LED Lighting has become more and more popular in the photo industry. Indeed, the little lights that could are simple to use, give a ton of efficient output, and are easy to use in so many situations. We’ve reviewed lots of LED lights from Switronix; and upon learning about Geek.com’s Editor in Chief Sal Cangeloso’s new book on LED lights, I decided to take the plunge and learn more about the technology despite being more of a strobe user myself.
Sal’s book starts out giving us a couple of key terms that we need to know in order to keep reading. Not only that, but he also explains a lot of it in layman’s terms. Trust me, you’ll need it too. For lighting enthusiasts and those with lots of experience, some of the terminology like color temperature and the explanation of how the scale works will sound all too familiar.
The book continues to explore the even more geeky realm of LED lighting and also a brief history. It relates to the reader how LEDs used to be expensive to manufacture but how the price cost has come down significantly in the years: especially for colored LED lights. It does more than that though; it tackles the problems that arise with how consumers will need to be coaxed over to purchase LED lights vs other more affordable options.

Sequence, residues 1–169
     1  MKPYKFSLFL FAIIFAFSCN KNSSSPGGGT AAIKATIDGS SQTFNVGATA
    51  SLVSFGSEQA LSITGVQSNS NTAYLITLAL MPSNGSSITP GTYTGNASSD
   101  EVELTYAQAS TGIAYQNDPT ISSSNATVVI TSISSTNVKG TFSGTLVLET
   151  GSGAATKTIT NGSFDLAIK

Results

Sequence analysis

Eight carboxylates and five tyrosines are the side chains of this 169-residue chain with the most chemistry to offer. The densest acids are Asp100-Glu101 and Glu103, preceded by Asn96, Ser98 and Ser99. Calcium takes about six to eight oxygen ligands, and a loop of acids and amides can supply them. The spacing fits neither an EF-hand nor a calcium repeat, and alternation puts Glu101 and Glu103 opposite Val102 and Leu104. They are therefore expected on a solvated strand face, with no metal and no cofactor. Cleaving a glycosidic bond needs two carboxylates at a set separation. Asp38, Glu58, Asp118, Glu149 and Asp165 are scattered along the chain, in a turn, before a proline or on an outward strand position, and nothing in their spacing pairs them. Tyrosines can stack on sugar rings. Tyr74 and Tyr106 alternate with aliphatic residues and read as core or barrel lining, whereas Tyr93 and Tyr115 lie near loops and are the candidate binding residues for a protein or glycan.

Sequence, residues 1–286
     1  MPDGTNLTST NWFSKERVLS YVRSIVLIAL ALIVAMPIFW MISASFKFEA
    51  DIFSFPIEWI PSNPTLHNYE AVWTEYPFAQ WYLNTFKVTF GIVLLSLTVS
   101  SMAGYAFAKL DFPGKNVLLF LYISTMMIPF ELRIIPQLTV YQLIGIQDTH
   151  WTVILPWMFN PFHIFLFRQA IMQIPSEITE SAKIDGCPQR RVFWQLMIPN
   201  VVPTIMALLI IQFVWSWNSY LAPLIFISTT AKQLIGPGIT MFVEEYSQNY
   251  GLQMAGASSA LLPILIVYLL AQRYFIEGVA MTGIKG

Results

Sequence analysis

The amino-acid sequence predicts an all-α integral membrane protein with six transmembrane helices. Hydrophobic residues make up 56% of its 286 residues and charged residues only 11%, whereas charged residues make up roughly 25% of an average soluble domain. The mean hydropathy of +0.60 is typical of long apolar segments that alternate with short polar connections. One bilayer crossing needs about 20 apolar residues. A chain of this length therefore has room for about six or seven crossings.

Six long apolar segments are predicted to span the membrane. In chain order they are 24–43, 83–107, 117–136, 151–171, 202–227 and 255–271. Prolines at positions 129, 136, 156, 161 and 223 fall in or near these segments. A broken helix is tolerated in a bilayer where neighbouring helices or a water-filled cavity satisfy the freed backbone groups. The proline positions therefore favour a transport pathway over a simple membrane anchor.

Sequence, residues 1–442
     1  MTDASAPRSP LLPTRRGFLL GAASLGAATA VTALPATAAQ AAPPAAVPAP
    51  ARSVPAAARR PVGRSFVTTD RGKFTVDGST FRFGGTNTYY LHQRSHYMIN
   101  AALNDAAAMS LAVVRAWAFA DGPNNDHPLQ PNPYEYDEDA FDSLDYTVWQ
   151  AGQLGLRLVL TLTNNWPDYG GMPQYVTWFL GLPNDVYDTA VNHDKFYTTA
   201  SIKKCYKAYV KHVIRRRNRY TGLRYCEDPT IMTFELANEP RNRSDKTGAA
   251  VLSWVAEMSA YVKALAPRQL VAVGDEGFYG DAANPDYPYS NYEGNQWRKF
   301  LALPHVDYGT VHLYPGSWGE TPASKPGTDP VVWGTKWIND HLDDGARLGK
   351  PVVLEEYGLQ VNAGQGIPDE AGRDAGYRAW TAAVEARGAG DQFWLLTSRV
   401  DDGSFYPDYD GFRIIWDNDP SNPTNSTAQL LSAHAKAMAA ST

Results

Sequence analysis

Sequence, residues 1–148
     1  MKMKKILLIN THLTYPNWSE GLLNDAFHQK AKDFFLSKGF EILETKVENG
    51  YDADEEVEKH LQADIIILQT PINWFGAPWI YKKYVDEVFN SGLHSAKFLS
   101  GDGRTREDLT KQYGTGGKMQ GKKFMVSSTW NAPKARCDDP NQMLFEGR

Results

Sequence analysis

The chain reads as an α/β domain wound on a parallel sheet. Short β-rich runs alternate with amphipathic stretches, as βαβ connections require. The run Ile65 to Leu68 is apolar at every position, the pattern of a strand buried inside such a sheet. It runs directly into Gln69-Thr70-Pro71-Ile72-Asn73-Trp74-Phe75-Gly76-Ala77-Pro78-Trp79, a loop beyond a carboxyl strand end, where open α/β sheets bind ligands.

The book itself doesn’t really relate to the photography realm directly, but it does contain key principles that can be applied to our every day life. For example, it teaches people that don’t already know about the Kelvin scale of measurement. Additionally, it also gives many real world examples for how LED lights have become more useful, powerful, and hints to us at how they may become a more critical part of our future.
When you come to think of it, it also can make one think about the issues of using strong LED lights vs Tungsten and Florescent; which we are all very used to using. But take for example the fact that LED lights can be balanced to either end of the lighting spectrum with ease, and you have yourself a strong argument for a possible need for the industry to shift within the next three years.
Sal’s book is overall around 60 pages and can be easily read within the period of a lunch break; though I recommend reading and re-reading the book due to the fact that he crams so much information into such a tiny spot.